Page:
The dangers of shadow IT
Richard Acreman looks at what happens when non-IT workers take on responsibilities that should be handled within the IT department
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According to McAfee, the explosion of cloud-based software-as-a-service (SaaS) has significantly contributed to the growth of what has become known as ‘shadow IT’ in the workplace.
Shadow IT describes the practice of non-IT workers and departments either building or installing their preferred applications and programmes onto corporate devices and systems – without the permission or the awareness of the IT department.
Cloud computing, SaaS and the bring-your-own-device (BYOD) phenomenon, which sees workers using personal devices such as smartphones and tablets to carry out work-related activities, have all fuelled this trend in recent years.
This shift has not only raised security concerns in terms of workers taking confidential material out of the workplace, but also because of the possibility of introducing viruses and similar threats through unsecured devices.
Problems caused by shadow IT
Shadow IT causes many concerns for both the IT department and the business as a whole, especially when it comes to the security of company data.
The most common technologies being implemented through shadow IT tend to be consumer-grade technologies and popular consumer apps such as Facebook and Google Apps, partly because of the ease of implementation, but also because they are very popular with employees.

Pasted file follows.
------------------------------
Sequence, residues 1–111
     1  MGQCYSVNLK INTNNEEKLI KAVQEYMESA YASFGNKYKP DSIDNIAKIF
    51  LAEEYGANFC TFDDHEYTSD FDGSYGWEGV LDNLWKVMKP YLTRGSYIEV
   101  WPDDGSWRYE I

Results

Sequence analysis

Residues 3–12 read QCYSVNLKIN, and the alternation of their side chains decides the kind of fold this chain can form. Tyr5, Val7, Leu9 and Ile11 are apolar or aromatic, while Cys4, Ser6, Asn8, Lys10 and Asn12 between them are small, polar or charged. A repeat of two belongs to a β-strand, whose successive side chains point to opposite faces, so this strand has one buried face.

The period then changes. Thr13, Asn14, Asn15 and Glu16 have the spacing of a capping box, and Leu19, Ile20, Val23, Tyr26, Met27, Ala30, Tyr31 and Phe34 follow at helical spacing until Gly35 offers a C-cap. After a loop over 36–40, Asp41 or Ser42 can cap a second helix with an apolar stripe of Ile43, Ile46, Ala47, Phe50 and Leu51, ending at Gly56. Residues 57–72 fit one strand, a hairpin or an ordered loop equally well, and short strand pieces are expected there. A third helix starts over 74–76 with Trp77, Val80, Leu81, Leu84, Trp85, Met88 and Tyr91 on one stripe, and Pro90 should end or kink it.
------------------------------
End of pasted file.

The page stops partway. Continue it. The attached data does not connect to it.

However, applications like these bring with them very loose security measures which can jeopardise a company’s overall data security programme.
In addition, by allowing employees to choose their own technology to use in the workplace, a company risks creating siloes between different departments, since different collaboration systems are often incompatible and thus unable to communicate with one another.
How can shadow IT in the workplace be prevented?
Amazingly, many large enterprises are still using siloed legacy systems that hamper communication across the business and restrict employees in what they can do with the technology available to them.
Instead, all businesses should be paying close attention to social functionality when reviewing their IT systems. Innovation in this area can be used to create user interfaces that are similar to employees’ favourite consumer websites, and can often lead to new ways of communicating across the business.
Breaking down barriers between different areas of a business in this way can have a positive impact on performance, not only for individual employees but also for the business as a whole.
Whilst many businesses now have mobile friendly consumer facing websites, internal communications often lack this same mobile capability.
Forward-thinking business that make investments in improving the internal mobile experience and invest in business-to-employee tools can make aspects of their employees’ jobs much easier, faster and more enjoyable.
In turn, employees will not need to resort to using their own devices or their preferred programs and applications.